Sunday August 7, 2016: Redemptive Art?

6 Turning Leaves

Prelude: Amarillo by Morning – George Strait

Welcome: We gather together to face ourselves honestly, By Philip Larson

We gather together to face ourselves honestly,
to forgive ourselves gently,
to love one another fervently.

Chalice lighting: For every time we make a mistake, By Maureen Killoran

For every time we make a mistake and we decide to start again:
We light this chalice.
For every time we are lonely and we let someone be our friend:
We light this chalice.
For every time we are disappointed and we choose to hope:
We light this chalice.

Song: Gathered Here In the Mystery of This Hour (3 times)

Gathered here in the mystery of this hour.
Gathered here in one strong body.
Gathered here in the struggle and the power.
Spirit draw near.

Principles of Unitarian Universalism
Unitarian Universalist congregations affirm and promote seven Principles:

  • The inherent worth and dignity of every person;
  • Justice, equity and compassion in human relations;
  • Acceptance of one another and encouragement to spiritual growth in our congregations;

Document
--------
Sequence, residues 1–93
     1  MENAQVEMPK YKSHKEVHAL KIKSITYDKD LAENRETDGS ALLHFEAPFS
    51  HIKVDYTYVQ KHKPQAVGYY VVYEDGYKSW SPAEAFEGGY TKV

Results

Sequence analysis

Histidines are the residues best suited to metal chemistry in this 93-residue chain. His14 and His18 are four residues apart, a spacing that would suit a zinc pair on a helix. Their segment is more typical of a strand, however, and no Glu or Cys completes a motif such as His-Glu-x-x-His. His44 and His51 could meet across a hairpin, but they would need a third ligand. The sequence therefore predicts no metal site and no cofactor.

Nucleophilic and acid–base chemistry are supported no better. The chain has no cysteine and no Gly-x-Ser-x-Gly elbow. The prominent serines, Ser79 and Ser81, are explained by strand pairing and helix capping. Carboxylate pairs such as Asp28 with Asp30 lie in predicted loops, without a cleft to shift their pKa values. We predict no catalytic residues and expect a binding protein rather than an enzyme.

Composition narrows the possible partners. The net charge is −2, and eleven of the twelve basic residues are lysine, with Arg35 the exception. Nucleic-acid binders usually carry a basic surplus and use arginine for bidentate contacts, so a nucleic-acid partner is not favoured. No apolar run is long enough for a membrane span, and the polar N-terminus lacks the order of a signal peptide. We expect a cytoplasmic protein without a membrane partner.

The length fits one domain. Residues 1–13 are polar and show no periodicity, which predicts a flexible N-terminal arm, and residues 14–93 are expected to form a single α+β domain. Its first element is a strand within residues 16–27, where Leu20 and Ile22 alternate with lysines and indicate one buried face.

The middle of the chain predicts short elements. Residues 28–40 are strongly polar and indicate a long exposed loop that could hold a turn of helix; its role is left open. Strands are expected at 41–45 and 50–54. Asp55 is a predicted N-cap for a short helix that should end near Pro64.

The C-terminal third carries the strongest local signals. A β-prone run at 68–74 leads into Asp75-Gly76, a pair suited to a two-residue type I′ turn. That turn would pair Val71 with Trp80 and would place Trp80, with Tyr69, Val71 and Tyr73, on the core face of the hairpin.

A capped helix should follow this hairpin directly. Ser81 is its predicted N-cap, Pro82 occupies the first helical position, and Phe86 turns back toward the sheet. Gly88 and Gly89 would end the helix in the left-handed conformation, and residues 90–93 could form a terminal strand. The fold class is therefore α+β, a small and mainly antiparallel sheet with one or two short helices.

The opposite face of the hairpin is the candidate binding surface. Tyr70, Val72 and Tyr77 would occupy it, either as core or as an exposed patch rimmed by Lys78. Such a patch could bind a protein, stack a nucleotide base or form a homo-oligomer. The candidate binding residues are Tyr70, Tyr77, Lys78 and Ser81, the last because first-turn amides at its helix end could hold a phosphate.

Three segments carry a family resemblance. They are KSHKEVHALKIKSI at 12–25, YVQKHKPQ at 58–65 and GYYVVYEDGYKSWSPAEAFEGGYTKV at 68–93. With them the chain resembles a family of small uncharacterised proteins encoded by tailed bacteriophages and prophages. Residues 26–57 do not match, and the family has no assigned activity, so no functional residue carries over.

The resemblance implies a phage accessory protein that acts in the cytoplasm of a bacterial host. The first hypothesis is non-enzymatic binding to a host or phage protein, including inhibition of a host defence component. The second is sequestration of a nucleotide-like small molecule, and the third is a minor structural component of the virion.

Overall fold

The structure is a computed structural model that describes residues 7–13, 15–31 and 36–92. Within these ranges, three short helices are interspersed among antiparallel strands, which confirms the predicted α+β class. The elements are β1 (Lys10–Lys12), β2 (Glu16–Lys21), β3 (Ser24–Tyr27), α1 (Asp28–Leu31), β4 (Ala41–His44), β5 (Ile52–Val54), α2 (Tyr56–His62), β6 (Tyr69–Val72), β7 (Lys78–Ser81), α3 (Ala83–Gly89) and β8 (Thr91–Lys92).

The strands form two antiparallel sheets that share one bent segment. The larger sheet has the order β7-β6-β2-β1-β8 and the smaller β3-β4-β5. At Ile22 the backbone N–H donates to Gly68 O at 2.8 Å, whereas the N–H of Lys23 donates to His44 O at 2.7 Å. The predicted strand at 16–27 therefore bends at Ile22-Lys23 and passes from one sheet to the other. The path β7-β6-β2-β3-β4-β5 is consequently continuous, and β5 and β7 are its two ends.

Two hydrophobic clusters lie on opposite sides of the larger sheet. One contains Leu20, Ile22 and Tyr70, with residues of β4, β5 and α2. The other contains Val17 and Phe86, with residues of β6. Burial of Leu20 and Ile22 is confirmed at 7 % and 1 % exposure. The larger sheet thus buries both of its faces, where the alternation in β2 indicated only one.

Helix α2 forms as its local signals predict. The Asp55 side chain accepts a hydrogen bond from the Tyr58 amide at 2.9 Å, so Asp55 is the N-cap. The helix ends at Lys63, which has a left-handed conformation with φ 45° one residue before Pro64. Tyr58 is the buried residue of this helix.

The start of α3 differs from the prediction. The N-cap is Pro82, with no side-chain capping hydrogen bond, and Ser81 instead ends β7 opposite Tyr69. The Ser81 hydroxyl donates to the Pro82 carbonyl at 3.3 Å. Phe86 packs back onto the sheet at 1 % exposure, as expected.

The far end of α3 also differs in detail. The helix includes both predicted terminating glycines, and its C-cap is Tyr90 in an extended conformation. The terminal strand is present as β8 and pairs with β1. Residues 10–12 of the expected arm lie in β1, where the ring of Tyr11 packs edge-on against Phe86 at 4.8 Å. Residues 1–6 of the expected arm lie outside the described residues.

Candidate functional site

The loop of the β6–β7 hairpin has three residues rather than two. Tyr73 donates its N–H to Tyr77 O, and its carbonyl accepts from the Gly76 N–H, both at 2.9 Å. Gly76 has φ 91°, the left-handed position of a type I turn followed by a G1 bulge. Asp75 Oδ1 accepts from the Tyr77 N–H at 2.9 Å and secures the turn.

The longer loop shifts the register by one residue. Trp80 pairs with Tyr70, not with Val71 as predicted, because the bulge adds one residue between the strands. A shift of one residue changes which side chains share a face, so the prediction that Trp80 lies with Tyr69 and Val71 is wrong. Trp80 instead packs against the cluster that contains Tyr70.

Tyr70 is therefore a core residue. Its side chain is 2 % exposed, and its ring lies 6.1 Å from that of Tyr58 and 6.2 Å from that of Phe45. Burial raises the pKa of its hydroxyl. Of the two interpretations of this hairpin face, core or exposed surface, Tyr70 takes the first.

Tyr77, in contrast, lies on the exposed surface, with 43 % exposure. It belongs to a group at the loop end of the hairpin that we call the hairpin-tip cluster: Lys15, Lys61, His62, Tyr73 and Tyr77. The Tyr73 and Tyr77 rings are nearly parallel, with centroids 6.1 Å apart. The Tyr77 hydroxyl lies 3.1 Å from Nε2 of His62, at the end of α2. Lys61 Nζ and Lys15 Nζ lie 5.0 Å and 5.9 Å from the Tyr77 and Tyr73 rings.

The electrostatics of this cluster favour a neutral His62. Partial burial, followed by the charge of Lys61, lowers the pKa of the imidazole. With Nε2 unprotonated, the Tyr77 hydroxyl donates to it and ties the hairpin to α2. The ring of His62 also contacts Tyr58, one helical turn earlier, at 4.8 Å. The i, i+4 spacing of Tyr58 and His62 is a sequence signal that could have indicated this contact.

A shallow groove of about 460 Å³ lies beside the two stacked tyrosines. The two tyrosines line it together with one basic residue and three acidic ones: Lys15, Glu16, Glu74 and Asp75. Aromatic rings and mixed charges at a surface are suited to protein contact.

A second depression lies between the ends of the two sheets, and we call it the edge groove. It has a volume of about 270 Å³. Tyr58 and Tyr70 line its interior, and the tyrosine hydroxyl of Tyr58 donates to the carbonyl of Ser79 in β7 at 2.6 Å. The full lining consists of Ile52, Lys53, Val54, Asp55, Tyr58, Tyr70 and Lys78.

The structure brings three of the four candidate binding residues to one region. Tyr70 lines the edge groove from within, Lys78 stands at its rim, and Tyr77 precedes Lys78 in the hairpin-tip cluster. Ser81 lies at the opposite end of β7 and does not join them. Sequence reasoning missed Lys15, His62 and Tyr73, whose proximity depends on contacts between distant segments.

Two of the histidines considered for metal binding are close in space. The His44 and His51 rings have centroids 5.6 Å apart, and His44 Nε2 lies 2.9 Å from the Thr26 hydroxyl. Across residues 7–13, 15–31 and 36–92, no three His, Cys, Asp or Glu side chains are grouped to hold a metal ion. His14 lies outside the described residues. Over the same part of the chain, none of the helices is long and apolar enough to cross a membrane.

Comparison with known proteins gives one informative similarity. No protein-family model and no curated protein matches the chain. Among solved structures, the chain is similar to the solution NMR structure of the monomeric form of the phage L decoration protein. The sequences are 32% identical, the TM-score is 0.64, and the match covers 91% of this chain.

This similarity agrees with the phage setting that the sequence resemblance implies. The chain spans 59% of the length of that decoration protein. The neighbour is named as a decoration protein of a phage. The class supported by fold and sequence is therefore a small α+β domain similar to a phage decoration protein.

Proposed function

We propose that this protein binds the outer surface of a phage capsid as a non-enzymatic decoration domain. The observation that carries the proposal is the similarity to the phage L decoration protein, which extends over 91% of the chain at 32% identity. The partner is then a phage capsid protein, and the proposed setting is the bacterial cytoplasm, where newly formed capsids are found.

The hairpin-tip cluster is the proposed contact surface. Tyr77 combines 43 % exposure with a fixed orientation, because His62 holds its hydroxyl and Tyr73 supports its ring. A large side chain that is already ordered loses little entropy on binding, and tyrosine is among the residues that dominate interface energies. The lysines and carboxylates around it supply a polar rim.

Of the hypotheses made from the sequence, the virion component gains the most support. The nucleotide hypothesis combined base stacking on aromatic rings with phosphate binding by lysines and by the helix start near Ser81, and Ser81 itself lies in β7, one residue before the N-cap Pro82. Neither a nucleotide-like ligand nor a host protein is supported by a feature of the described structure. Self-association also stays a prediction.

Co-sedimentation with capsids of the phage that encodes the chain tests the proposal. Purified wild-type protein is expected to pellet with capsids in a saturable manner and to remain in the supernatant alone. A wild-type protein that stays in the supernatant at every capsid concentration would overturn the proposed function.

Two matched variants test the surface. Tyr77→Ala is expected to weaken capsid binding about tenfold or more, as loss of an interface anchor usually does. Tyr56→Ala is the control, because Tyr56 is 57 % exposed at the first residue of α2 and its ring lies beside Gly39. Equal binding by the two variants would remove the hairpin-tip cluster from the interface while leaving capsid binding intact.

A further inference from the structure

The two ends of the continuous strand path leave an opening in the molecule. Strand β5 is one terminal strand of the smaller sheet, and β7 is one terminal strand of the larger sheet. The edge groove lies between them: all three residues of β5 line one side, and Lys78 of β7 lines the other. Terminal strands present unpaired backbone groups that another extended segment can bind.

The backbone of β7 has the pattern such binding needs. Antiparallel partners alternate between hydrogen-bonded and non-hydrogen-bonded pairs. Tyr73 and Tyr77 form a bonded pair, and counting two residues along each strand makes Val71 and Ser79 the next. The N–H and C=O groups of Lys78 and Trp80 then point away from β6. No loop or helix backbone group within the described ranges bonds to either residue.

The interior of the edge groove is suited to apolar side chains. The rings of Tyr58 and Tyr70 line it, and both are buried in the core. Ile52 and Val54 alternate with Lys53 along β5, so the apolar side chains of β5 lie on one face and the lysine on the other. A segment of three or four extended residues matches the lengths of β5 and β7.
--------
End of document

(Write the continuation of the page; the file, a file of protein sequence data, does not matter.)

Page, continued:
• A free and responsible search for truth and meaning;
  • The right of conscience and the use of the democratic process within our congregations and in society at large;
  • The goal of world community with peace, liberty, and justice for all;
  • Respect for the interdependent web of all existence of which we are a part.

Story for All Ages: from “Leaf by Niggle”, by J.R.R. Tolkien

{Today’s “story for all ages” was taken from a little-known story by J.R.R. Tolkien. Tolkien says that he wrote it around 1938 or 1939, after he woke one morning “with it already in mind.” It was originally published in 1946 in the Dublin Review, then republished in 1964, joined with the essay “On Fairy-Stories”, in a small volume titled Tree and Leaf.}

Offering and Response (Unison)